Primatene Mist, the only over-the-counter asthma inhaler sold in the United States, will no longer be available after Dec. 31, 2011 because it uses chlorofluorcarbons (CFCs), a substance that depletes the earth’s ozone layer, to propel the medication.
The epinephrine inhaler’s (Armstrong Pharmaceuticals) discontinuation is being undertaken as part of an international agreement the United States signed to phase out CFCs.
“There are many other safe and effective medications to treat the symptoms of asthma,” Badrul Chowdhury, MD, PhD, director of the FDA’s division of pulmonary, allergy and rheumatology products said in press release.
He emphasized that purchasing OTC inhalers for breathing difficulties is not an adequate substitution for a medical exam.
“If you have breathing problems but have not been diagnosed by a health care professional, it’s important to see one. Not all breathing problems are asthma, so you need to get an accurate diagnosis and proper medicine.”
Many asthma inhaler manufacturers have replaced CFCs with hydrofluoroalkane (HFA), an environmentally safe propellant, but no HFA version of the Primatene Mist inhaler exists.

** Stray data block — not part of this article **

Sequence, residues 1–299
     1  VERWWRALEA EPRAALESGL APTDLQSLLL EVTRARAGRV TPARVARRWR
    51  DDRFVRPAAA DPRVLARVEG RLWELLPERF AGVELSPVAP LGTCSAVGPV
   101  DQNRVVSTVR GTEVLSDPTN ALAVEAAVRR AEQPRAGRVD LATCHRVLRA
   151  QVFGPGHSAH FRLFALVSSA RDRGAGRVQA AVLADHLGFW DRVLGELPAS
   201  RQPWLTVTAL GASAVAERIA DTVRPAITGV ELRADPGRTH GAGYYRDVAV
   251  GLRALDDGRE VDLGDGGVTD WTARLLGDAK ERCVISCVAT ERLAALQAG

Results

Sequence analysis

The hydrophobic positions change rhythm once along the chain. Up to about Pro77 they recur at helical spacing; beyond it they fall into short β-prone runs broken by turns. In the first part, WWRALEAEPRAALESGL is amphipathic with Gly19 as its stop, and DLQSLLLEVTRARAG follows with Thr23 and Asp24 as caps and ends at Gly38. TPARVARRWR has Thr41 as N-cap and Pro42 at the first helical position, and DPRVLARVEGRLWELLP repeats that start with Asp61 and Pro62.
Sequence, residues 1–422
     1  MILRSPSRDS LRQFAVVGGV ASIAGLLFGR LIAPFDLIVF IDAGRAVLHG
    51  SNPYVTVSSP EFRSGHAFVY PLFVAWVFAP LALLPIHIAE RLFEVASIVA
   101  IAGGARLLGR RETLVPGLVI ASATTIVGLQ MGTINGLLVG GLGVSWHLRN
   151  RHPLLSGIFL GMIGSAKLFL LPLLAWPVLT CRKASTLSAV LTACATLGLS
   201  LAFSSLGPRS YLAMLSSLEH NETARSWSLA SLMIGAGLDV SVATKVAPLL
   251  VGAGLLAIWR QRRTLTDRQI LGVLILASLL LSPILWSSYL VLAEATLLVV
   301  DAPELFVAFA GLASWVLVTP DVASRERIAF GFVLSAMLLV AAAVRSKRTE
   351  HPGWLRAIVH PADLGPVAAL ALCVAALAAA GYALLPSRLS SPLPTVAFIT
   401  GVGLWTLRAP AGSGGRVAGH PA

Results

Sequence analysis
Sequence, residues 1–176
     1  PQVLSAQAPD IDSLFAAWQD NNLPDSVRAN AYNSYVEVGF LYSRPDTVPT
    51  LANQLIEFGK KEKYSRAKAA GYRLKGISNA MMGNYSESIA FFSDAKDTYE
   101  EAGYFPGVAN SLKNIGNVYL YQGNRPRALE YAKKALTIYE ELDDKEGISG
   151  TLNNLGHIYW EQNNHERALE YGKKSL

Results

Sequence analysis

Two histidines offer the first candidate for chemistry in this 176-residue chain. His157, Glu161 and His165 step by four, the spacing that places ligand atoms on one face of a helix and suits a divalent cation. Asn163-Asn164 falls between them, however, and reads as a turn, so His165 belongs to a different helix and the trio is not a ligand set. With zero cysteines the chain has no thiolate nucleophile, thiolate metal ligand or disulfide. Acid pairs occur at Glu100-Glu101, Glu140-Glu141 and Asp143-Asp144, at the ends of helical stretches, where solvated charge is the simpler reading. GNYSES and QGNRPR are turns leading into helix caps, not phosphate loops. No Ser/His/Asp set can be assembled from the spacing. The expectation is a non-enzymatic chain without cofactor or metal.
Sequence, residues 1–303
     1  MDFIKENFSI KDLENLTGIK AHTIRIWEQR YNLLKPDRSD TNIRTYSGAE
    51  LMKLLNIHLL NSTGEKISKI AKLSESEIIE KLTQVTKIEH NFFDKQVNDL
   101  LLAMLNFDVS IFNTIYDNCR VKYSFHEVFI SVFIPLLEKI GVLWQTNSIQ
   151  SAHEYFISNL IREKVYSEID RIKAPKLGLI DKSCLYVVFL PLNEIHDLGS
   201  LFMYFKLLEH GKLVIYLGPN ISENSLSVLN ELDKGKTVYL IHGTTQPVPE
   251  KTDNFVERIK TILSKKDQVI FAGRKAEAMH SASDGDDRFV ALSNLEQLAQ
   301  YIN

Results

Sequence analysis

Consumers who use the OTC inhaler should not delay changing medications, as it may sell-out of stores before the Dec. 31 cut-off, the FDA warns. The agency advises consumers to ask a health care provider if they are unsure how to use their new inhaler or other medication to ensure accurate dosing.
Those who are concerned about financing a prescription inhaler should ask clinicians and drug manufacturers about patient-assistance programs that make medication available at low or no cost, or visit the Partnership for Prescription Assistance’s website.